Wild Side: Migration season is here
Look up, look down, look around. Depending on who you are, that phrase may mean something to you. You may be thinking of a song you know-or maybe a children’s book. If you are a Wildland Fire Fighter, you know it as a safety refresher course.
Looking up, down, and around is a way of being aware of what is going on all around you. I have learned that I see a lot more in the world of wildlife when I look up, down, and all around.
Take the last week of August for example. I was sitting in a meeting in a second story conference room on a Monday afternoon. Across the table from me were several large windows, giving me a nice view of Rhinelander rooftops. Above the rooftops appeared birds, which I soon determined to be common nighthawks. The nighthawks kept coming, circling over the city, zipping in and out of view. I tried to count them, but I couldn’t; there had to have been a couple hundred birds. I nudged the warden, who was sitting next to me, and told him to look out the window at the birds.
This is a migratory event, where flocks of nighthawks, called kettles, prepare for and begin their migration southward. That week there were reports of massive nighthawk kettles all across Wisconsin. Nighthawks are a pretty secretive bird, normally active at dusk or early evening, so you have to be looking for them to see them. During this migration, they were out at suppertime, so if you looked up, you saw them.
Another migratory bird that evades detection unless you are looking up is the chimney swift. Swifts are related to birds like swallows and purple martins, and they are given their name because they build their nests in chimneys. In fact, they cannot land on a wire or branch to perch like other birds; they have to hang from a vertical surface, like the inside of a chimney. They are small, dark, fast moving birds with a very swift wingbeat; they look a bit like a cigar with wings, or a flapping torpedo. This is the bird I that people most often seem to confuse with bats; rightly so, given their roosting habits, their feeding on insects at dusk, and their high-pitched chattering call.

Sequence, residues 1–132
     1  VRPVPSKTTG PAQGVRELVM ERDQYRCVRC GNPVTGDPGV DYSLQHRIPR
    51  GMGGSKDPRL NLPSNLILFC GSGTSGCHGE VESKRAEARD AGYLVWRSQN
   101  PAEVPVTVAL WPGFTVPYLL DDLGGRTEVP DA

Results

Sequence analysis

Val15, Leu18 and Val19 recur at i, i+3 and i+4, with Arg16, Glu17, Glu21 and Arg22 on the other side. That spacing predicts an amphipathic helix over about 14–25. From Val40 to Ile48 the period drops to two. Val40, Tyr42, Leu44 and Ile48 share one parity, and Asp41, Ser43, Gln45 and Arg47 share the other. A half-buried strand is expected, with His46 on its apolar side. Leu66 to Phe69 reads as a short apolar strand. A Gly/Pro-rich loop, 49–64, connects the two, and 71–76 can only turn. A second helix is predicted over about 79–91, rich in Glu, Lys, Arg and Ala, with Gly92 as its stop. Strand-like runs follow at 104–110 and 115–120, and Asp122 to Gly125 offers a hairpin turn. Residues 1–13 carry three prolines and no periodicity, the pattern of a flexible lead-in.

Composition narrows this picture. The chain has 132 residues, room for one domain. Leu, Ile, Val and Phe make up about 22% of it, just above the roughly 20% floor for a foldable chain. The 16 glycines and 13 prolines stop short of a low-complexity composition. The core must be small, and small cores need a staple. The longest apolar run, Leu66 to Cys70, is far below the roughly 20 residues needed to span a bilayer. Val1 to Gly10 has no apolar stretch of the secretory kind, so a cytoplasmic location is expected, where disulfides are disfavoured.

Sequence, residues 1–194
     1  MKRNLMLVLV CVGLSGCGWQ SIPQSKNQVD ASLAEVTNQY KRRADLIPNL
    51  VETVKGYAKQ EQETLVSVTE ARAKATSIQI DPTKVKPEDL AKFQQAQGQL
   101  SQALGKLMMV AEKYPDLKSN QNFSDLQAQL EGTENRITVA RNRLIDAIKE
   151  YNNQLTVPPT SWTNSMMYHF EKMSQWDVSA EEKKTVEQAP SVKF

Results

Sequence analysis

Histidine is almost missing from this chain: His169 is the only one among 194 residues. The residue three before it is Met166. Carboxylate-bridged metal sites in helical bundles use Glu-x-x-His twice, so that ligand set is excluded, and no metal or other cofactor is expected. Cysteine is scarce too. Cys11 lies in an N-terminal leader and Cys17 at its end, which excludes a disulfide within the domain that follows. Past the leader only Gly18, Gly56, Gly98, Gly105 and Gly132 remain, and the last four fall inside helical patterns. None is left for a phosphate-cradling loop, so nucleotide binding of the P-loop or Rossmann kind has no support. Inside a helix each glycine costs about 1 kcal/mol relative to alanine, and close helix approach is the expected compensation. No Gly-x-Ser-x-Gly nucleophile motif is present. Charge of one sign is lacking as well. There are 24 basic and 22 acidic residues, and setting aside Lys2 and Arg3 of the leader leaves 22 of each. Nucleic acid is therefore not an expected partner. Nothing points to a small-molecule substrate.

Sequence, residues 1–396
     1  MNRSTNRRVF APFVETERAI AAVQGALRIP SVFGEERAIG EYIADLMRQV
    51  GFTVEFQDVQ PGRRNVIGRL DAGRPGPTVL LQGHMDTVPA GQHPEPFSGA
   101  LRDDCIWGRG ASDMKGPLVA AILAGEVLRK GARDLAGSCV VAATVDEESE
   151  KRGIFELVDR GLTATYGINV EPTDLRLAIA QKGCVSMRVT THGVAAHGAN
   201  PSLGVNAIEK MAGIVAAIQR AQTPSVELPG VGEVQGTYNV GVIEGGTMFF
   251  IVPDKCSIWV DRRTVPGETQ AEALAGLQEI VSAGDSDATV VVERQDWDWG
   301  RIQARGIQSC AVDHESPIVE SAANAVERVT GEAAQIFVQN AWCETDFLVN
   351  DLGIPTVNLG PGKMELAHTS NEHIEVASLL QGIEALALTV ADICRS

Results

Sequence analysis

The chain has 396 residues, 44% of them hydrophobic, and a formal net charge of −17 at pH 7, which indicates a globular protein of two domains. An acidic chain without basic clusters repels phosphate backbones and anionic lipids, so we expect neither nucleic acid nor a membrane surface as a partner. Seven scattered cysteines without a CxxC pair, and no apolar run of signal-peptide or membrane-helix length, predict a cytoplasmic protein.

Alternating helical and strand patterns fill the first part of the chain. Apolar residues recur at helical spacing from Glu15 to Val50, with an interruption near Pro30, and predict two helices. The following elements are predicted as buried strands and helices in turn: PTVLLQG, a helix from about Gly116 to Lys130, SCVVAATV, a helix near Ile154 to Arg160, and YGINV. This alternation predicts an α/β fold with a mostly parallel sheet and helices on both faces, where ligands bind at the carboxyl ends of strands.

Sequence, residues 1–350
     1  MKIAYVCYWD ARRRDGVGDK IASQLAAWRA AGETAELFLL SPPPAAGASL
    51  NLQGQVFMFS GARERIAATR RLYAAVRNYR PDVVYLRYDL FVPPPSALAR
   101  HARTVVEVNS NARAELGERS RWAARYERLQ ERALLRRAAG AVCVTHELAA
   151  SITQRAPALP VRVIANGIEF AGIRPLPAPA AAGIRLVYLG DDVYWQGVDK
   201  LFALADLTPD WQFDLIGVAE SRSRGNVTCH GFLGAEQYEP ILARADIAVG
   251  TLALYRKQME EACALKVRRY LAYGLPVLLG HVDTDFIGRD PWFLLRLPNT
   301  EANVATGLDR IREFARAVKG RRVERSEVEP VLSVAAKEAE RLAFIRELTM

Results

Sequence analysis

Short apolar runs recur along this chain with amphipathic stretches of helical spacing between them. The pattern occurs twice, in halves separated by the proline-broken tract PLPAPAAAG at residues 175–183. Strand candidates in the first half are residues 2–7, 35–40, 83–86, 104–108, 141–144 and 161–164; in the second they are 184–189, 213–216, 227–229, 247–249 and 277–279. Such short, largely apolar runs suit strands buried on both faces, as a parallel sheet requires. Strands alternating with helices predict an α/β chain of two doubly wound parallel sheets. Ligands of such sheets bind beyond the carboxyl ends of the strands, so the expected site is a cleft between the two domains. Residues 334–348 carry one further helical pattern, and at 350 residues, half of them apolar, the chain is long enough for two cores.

These birds are in decline across the country, considered near threatened. Before there were chimneys, birds hung inside hollow trees, which are less common today given modern forestry practices. The construction of chimneys for fireplaces and furnaces suited the birds well, until the recent developments in high efficiency furnaces and pellet stoves which do not need stone or brick chimneys. The change in modern construction techniques, including caps or guards on chimneys, has apparently led to a decline in these birds. If you look up, in southwest Rhinelander, we have an impressive chimney swift population. They are apparently occupying the large square chimney of a vacant school building. These birds are impressive to watch, if you look up to see them.
Looking down can yield similar rewards, especially when wandering around the Northwoods. I can’t tell you how many times I spotted the occasional shed snakeskin, or porcupine skull, or grouse nest right under foot. The plants that cover the ground can tell you stories about the soil, the sunlight, and the wildlife. You will see animal droppings and animal tracks that reveal different animals and the activities they undertake. My boys are shorter than I am, and they see even more than me; plus, they are amazed at pretty rocks, or twisted sticks that look like Harry Potter’s wand.
Look up, look down, look around. There is a lot to see, a lot to learn, and a lot to appreciate in the natural world around us.
Jeremy Holtz is a wildlife biologist with the Wisconsin DNR and writes a weekly column in the Star Journal. To contact him, call 715-365-8999.